In this manner, the ruling in Google Spain was sufficiently clear on several extremely relevant aspects. First, the existence of processing of personal data by search engines. Second, the search engines status as data controllers under EU law. Third, the EU’s data protection rules’ applicability even if the defendant does not has its headquarters in the EU. Fourth, a search engine should suppress specific results containing personal data at the data subject’s request. Fifth, the ruling defines the extension, range, and substantial limits to specific the data subjects’ rights. In this ruling, the CJEU considers that everyone has the right not to have all kinds of information about oneself widely available on the internet through results from search engines. Some limits may apply. Also, this right does not require previous proof of actual damage.
[i] For further development in Portuguese, see Alessandra Silveira, A dimensão jusfundamental do direito à desindexação – deslindando as fragilidades de um suposto “esquecimento” online, Rogério Gesta Leal/Carlos Aymerich Cano/Alessandra Silveira (eds.), “V Seminário Internacional Hispano-Luso-Brasileiro sobre Direitos Fundamentais e Políticas Públicas” (University of Santa Cruz do Sul – UNISC, Santa Cruz do Sul/RS/Brazil, 2019), https://www.unisc.br/pt/home/editora/e-books?id_livro=493.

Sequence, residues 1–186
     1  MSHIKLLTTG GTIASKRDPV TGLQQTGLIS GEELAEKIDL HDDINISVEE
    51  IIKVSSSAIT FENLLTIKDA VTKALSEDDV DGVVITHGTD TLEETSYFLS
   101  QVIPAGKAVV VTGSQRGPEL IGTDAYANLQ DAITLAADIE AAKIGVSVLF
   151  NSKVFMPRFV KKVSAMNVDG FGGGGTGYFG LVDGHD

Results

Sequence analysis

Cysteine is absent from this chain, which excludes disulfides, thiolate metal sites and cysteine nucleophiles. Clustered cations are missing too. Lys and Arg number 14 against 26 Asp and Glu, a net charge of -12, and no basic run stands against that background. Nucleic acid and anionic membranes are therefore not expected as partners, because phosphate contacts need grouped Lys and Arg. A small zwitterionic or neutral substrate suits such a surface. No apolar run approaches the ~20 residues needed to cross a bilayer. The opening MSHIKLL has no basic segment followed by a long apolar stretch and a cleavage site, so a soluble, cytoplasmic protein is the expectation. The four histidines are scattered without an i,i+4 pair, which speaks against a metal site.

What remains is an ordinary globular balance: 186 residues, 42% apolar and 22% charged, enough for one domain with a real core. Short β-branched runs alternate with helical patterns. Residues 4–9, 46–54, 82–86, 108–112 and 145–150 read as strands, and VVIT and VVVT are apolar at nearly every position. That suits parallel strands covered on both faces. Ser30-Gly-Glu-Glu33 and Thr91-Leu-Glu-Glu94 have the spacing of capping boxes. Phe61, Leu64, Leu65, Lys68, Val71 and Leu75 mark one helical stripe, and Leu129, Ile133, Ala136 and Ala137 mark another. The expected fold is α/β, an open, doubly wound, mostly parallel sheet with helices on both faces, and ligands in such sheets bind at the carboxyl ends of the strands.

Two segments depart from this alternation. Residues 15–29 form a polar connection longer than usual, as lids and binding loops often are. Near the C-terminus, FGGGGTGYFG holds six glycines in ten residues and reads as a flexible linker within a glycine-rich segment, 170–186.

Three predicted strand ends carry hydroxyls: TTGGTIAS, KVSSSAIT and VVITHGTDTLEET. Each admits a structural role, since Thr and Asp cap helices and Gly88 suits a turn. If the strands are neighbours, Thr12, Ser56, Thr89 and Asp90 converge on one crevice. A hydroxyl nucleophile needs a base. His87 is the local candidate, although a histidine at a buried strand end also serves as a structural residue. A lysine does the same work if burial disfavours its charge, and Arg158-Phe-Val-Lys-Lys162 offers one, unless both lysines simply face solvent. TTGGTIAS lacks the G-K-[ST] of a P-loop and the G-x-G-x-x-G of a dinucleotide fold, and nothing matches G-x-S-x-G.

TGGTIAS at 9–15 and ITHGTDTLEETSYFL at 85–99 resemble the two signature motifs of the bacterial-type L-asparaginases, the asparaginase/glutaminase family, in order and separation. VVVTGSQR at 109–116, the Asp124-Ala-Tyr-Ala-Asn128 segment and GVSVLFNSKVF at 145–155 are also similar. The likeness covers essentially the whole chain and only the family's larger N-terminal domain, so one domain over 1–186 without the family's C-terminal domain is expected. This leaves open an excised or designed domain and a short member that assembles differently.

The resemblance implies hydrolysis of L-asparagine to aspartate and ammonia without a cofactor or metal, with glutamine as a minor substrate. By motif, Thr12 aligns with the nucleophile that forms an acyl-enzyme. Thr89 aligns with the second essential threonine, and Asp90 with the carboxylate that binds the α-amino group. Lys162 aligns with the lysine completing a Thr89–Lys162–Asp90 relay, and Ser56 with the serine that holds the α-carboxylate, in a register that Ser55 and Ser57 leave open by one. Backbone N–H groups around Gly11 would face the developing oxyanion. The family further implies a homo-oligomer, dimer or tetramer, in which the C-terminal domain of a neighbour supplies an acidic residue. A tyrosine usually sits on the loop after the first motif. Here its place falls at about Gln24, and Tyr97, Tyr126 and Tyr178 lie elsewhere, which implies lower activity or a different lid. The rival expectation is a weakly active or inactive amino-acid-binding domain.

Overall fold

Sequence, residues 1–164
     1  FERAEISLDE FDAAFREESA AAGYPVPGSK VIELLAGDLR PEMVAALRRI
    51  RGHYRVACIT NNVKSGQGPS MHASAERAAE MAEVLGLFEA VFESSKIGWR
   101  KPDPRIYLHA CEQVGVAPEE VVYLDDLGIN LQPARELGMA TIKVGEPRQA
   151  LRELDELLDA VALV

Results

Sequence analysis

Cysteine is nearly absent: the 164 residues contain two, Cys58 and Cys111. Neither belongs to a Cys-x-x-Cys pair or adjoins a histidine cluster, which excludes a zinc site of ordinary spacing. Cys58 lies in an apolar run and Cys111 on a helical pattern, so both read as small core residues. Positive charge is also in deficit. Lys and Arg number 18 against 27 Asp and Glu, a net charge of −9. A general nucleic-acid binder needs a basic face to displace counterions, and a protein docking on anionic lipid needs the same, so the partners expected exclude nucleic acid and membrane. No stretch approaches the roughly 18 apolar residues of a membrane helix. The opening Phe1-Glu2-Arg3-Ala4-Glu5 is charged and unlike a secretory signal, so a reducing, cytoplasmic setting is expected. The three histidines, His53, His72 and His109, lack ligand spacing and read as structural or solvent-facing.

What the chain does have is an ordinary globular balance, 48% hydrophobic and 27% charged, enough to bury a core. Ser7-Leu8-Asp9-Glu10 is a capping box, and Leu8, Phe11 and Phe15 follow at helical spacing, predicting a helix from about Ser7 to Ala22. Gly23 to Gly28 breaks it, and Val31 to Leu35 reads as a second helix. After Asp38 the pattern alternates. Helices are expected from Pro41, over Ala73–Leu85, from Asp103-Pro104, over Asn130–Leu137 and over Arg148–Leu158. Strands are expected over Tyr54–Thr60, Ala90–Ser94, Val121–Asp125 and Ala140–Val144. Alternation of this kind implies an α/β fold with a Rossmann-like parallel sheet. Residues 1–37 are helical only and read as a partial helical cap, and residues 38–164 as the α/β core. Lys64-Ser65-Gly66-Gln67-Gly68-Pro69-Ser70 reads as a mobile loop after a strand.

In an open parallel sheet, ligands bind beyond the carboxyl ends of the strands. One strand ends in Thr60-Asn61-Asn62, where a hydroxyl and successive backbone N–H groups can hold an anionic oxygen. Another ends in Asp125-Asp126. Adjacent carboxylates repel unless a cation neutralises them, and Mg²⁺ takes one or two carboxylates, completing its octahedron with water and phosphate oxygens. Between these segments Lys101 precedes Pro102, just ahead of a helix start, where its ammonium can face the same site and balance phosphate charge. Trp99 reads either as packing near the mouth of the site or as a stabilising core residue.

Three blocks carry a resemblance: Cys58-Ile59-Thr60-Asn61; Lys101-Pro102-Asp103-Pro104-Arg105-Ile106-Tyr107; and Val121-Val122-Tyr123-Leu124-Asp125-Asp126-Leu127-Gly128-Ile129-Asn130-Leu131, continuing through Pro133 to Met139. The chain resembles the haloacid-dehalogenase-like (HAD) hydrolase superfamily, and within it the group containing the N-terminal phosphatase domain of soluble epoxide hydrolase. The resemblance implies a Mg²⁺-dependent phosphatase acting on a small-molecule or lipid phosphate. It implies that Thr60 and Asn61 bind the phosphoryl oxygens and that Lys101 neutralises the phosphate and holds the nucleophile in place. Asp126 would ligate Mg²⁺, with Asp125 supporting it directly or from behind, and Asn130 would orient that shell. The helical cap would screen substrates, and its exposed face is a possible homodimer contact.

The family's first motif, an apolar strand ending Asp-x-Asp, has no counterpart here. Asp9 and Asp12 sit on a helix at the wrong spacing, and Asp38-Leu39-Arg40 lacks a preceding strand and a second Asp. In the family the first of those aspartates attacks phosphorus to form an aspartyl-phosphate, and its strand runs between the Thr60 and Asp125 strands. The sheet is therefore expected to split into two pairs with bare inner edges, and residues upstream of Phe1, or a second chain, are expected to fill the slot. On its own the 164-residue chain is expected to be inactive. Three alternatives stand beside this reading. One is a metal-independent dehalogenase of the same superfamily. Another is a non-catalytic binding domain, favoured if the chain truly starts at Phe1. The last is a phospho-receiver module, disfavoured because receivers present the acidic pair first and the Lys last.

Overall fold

[ii] We will not address the controversy around which of these three concepts is the most adequate to describe the right set out in the Google Spain ruling. This conceptual debate is not relevant to the point we are trying to make here. For all purposes, within this blog post, the concepts shall be used interchangeably.
[iii] In English, “Direct Line.”
[iv] Extraordinary Appeal Nº 1.010.606/RJ in the STF and Special Appeal N.º 1.335.153/RJ in the STJ. See, https://www.conjur.com.br/dl/direito-esquecimento-acordao-stj.pdf.
[v] In English, the “Candelária Killings.”
[vi] Special Appeal Nº 1.334.097/, https://www.conjur.com.br/dl/direito-esquecimento-acordao-stj.pdf.
[vii] For further information regarding the case-law in Brazil regarding the right to be forgotten, see Mario Viola de Azevedo Cunha and Gabriel Itagiba, Between privacy, freedom of information and freedom of expression: Is there a right to be forgotten in Brazil?, Computer Law & Security Review 32,4 (2016): 634-641.
[viii] Through the legal institute of “Repercussão Geral,” the most recent attempt in Brazilian constitutional law of establishing a binding precedent in line with what exists, for example, in the US, with US Supreme Court decisions, though not entirely analogous the Court of Justice’s decisions in the EU, despite also binding and to be followed by national courts.
[ix] For further information, Nicole Jacoby, Redefining the Right to Be Let Alone: Privacy Rights and the Constitutionality of Technical Surveillance Measures in Germany and the United States, Georgia Journal of International and Comparative Law 35,3 (2007): 433-493.
Pictures credits: Social Media by Daniel_B_Photos.